or ga·rote, ga·rotte, gar·rotte
verb (used with object), gar·rot·ed, gar·rot·ing.
- garrison house,
- garrison state,
- garrison, william lloyd,
Origin of garrote
Examples from the Web for garrote
Then, on the morning after Christmas in 1996, John found JonBenet crumpled in the wine cellar with a garrote sunk round her neck.
If the rascal does recover, what a beautiful subject for the garrote he will make.The Cruise of the Midge (Vol. II of 2)|Michael Scott
He cleared his throat as though to disembarrass it of a garrote.Greener Than You Think|Ward Moore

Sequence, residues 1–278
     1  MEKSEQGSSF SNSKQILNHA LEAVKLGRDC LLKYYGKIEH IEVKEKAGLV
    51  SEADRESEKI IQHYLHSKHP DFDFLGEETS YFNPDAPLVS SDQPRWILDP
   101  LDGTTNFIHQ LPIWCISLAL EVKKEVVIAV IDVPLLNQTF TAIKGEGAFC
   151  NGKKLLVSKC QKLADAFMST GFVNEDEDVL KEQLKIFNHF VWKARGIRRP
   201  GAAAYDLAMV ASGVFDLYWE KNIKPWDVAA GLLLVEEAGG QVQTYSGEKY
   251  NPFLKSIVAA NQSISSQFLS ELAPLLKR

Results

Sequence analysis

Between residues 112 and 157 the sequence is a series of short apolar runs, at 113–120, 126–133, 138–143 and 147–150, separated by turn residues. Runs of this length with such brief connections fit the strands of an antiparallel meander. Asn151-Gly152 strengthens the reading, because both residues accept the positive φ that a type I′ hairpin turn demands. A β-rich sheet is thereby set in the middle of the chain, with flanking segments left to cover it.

It wouldn't be safe for ye to git up and go out, for they'll folly ye and garrote ye afore ye could raich a safe place.Brave Tom|Edward S. Ellis
also garrotte, 1620s, "Spanish method of capital punishment by strangulation," from Spanish garrote "stick for twisting cord," of unknown origin, perhaps from Old French guaroc "club, stick, rod, shaft of a crossbow," probably ultimately Celtic, but possibly from Frankish *wrokkan "to twist" (cf. Middle Dutch wroken "to twist").
I have no hesitation in pronouncing death by the garrot, at once the most manly, and the least offensive to the eye. [Major John Richardson, "British Legion," 1837]
"to execute with a garrote," 1851, from garrote (n.); sense of "choke and then rob" is from 1852. Related: Garotted; garotting.